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Automatic Mapping of Social Networks of Actors from Text Corpora: Time Series Analysis

  • James A. Danowski
  • Noah Cepela
Chapter
Part of the Annals of Information Systems book series (AOIS, volume 12)

Abstract

To test hypotheses about presidential cabinet network centrality and presidential job approval over time and to illustrate automatic social network identification from large volumes of text, this research mined the social networks among the cabinets of Presidents Reagan, G.H.W. Bush, Clinton, and G.W. Bush based on the members’ co-occurrence in news stories. Each administration’s data was sliced into time intervals corresponding to the Gallup presidential approval polls to synchronize the social networks with presidential job approval ratings. It was hypothesized that when the centrality of the president is lower than that of other cabinet members, job approval ratings are higher. This is based on the assumption that news is generally negative and when the president stands above the other cabinet members in network centrality, he or she is more likely to be associated with the negative press coverage in the minds of members of the public. The hypothesis was supported for each of the administrations with the Reagan and G.H.W. Bush having a lag of 1, Clinton a lag of 4, and G.W. Bush a lag of 2. Automatic network analysis of social actors from textual corpora is feasible and enables testing hypotheses over time.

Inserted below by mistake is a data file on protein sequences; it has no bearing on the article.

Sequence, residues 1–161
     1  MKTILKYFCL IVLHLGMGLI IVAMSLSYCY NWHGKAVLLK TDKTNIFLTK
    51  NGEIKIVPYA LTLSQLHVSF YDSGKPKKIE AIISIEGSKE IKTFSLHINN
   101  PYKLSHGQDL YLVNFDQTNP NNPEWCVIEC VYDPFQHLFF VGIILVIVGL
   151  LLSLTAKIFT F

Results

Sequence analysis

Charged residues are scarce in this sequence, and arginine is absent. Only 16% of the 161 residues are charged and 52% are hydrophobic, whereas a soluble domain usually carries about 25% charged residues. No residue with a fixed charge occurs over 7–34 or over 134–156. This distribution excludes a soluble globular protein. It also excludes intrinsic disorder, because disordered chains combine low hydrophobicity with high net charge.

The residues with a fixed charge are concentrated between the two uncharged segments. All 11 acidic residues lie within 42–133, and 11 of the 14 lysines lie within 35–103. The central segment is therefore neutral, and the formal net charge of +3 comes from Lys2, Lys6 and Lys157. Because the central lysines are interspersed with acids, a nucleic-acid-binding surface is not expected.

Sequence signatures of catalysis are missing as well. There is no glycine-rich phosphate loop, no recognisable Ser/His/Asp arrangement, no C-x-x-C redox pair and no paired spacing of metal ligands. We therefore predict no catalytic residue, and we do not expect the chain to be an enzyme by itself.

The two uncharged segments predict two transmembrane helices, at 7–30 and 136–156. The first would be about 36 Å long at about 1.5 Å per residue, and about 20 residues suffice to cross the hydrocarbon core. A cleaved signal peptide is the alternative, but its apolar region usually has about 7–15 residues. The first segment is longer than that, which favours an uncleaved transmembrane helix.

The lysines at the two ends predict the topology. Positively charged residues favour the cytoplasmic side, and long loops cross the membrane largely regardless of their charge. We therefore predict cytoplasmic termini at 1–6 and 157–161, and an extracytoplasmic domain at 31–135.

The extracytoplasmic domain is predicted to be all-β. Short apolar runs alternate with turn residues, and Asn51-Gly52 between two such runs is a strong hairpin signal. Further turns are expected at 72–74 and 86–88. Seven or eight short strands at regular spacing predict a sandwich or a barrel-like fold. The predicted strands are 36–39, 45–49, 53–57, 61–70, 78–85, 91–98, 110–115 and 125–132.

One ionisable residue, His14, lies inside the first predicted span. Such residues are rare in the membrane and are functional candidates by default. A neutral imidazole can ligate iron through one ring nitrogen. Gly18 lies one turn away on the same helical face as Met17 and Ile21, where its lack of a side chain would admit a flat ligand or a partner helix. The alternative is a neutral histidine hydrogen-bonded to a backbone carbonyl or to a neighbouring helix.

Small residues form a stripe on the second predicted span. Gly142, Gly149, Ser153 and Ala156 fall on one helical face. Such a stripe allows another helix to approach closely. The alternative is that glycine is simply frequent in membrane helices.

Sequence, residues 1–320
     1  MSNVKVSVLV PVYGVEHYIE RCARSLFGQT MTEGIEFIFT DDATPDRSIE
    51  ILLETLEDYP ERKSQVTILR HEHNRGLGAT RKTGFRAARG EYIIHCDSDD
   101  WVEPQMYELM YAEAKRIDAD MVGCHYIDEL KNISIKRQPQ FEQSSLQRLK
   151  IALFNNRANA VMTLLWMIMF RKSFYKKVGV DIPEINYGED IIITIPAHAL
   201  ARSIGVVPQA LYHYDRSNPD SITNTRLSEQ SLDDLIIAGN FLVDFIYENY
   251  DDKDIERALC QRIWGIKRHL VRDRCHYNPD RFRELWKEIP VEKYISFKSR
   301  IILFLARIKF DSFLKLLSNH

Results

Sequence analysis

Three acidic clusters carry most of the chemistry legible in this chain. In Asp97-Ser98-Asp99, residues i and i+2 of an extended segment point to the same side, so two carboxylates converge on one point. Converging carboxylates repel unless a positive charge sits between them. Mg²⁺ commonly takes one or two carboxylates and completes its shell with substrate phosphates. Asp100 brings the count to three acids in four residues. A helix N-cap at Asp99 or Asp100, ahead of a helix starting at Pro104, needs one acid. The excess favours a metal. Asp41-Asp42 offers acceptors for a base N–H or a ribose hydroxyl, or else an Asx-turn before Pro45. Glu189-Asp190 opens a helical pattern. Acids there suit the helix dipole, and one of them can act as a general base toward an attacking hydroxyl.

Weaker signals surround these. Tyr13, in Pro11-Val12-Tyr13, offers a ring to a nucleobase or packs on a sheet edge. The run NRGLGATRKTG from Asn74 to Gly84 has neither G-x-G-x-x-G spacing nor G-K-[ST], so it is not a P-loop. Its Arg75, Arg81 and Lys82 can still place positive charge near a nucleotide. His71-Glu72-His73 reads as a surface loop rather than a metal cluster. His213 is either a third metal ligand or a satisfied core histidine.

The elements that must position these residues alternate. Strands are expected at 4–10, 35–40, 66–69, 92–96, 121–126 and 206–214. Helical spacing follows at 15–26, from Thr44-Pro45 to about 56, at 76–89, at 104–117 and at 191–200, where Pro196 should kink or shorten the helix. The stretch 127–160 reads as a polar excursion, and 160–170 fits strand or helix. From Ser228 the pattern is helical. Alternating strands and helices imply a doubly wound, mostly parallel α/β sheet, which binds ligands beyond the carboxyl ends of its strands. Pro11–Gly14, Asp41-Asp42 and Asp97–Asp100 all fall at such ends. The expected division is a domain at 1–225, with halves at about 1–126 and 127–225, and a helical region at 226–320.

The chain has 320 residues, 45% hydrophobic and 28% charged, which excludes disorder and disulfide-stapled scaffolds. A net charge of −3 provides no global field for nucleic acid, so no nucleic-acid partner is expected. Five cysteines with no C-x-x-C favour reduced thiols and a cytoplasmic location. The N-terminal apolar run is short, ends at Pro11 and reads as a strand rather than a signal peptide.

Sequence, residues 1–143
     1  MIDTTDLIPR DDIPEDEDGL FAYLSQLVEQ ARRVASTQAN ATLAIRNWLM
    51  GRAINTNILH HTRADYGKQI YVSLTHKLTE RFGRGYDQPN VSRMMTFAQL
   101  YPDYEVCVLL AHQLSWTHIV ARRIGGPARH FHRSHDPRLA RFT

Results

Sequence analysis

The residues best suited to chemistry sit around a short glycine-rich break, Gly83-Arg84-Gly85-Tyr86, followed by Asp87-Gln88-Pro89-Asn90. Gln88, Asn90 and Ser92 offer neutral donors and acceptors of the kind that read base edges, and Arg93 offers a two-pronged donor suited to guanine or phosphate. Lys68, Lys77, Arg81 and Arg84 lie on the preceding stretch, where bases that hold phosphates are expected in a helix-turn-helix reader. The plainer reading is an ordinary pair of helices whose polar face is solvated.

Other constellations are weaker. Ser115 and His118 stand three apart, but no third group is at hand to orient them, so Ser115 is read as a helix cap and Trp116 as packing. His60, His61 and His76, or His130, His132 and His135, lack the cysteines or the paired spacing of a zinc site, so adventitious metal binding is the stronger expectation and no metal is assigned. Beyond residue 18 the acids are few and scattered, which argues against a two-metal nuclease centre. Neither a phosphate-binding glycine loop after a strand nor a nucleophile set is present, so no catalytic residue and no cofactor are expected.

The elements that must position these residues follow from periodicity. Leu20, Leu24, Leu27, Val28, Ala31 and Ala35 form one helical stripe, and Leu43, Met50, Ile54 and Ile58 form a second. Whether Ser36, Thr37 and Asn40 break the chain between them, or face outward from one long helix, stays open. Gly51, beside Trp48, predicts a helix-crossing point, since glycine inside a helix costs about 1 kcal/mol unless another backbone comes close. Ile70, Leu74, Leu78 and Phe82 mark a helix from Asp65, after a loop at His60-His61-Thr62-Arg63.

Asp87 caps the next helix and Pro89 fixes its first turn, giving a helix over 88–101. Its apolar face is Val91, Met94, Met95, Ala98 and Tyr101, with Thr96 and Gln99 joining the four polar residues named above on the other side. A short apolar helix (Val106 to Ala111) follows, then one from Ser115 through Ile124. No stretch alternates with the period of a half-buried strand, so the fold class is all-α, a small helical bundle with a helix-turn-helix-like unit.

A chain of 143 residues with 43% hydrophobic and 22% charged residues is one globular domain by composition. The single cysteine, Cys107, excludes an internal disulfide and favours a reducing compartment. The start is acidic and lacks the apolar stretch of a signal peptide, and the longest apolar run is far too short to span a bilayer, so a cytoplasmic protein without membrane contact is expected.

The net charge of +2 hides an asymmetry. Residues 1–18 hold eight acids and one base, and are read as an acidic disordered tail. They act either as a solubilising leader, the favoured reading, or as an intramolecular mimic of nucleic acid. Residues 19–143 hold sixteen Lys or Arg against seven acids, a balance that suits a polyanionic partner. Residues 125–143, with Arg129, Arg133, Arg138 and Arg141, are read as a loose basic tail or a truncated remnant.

Keywords

Social Network Analysis Time Slice Network Centrality News Story Bush Administration 
These keywords were added by machine and not by the authors. This process is experimental and the keywords may be updated as the learning algorithm improves.

Notes

Acknowledgments

The authors are grateful for Rafal Radulski and his timely, efficient, and effective programming assistance and for his excellent communication skills. The authors are thankful for the insightful comments of two anonymous reviewers. This research is supported by National Science Foundation Grant 0527487, Human and Social Dynamics Program.

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Copyright information

© Springer US 2010

Authors and Affiliations

  1. 1.Department of CommunicationUniversity of IllinoisChicagoUSA

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